Welcome to the upside down world of data breaches: where actual perpetrators are rarely caught; where actual damages to specific customers are rarely identified; and where the retailer victimized by a cyber-attack must not only also pay the invoices of the PFI team (who reports solely to the card brands) but must also pay the invoices of the second external forensic expert (who reports solely to the retailer).

The Marriott Breach, the Resulting Class Actions and the Marriott PFI Report

Marriott International, Inc. (Marriott) is a multinational company that manages and franchises a broad portfolio of hotels and related lodging facilities around the world. On November 30, 2018, Marriott announced a data security incident involving unauthorized access to the Starwood guest reservation database containing information relating to as many as 500 million guests. Since then, Marriott claims that attackers who breached its Starwood Hotels unit’s guest reservation system stole personal data from up to 383 million guests — including more than five million unencrypted passport numbers.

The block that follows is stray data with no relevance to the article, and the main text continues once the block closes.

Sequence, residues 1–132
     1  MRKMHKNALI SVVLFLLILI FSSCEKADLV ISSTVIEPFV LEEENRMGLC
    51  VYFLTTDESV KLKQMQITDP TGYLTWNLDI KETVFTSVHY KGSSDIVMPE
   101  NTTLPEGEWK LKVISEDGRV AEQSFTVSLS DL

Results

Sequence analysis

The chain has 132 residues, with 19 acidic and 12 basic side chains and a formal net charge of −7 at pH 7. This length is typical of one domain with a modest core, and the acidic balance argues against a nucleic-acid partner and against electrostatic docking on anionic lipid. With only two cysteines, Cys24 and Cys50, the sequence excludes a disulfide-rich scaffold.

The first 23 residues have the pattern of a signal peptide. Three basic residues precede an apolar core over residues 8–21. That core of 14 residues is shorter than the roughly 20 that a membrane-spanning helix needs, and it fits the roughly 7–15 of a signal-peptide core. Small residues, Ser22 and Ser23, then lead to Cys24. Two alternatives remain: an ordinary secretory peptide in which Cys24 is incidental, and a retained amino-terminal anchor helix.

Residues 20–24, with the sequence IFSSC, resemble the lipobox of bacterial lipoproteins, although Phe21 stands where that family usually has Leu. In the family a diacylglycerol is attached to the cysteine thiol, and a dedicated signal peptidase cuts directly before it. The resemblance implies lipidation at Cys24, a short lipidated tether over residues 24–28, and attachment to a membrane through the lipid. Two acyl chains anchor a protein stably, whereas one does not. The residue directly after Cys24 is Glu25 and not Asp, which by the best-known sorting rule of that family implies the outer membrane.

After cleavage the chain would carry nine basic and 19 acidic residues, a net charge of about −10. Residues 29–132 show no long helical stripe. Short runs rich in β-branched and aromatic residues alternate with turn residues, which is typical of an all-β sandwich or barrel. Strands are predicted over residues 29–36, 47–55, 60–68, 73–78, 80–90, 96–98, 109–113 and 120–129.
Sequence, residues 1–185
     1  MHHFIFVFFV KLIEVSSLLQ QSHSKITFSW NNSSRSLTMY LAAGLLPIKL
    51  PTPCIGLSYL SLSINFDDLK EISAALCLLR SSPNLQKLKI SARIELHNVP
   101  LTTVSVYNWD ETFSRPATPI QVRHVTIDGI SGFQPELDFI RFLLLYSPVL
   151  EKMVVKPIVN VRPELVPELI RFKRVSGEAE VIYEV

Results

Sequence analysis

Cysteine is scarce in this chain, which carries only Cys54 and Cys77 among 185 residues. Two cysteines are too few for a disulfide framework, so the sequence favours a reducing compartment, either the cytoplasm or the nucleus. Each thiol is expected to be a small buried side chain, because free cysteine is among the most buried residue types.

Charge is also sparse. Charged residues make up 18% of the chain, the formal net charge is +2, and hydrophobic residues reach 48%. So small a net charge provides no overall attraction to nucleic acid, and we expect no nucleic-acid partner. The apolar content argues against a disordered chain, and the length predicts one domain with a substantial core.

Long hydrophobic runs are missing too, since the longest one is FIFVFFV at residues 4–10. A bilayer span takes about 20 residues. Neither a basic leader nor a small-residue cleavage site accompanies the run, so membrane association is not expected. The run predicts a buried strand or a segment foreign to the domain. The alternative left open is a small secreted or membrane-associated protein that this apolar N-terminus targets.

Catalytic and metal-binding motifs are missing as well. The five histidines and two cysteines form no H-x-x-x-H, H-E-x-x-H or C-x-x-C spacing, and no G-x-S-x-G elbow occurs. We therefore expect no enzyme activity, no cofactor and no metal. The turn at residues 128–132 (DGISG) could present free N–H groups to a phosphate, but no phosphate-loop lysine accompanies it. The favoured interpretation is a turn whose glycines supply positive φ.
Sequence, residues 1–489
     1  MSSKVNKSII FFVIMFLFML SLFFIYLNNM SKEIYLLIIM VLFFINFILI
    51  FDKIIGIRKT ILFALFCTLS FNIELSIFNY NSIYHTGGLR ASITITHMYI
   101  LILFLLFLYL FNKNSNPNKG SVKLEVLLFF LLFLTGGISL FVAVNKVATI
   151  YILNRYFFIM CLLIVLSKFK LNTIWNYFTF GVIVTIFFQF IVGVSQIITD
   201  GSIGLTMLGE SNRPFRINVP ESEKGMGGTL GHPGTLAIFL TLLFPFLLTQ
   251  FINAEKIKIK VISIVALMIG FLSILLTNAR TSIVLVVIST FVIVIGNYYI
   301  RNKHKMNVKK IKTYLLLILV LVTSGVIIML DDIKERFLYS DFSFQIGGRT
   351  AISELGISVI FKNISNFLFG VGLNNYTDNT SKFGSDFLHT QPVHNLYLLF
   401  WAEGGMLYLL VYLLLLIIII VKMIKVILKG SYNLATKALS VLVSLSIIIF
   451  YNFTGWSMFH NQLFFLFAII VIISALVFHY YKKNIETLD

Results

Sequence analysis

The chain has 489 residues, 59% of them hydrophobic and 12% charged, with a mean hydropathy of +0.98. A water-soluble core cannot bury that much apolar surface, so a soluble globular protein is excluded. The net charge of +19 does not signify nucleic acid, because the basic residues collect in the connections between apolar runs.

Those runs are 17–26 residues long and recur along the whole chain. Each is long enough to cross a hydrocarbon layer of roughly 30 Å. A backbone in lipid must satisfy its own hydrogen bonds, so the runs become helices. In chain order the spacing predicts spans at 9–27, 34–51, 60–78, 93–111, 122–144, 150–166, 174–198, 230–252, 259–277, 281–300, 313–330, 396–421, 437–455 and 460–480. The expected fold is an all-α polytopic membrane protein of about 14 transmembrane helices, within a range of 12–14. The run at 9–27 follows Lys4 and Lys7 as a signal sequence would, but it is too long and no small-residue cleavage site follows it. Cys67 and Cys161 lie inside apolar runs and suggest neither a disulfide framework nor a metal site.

Marriot also now asserts that attackers had unauthorized access to its Starwood network of reservations at W Hotels, Sheraton Hotels & Resorts and other properties dating back to 2014, prompting questions about Marriott’s cybersecurity governance and infrastructure as well as suspicion that Marriott negligently missed the breach during its due diligence process before acquiring Starwood in 2016 for $13.6 billion.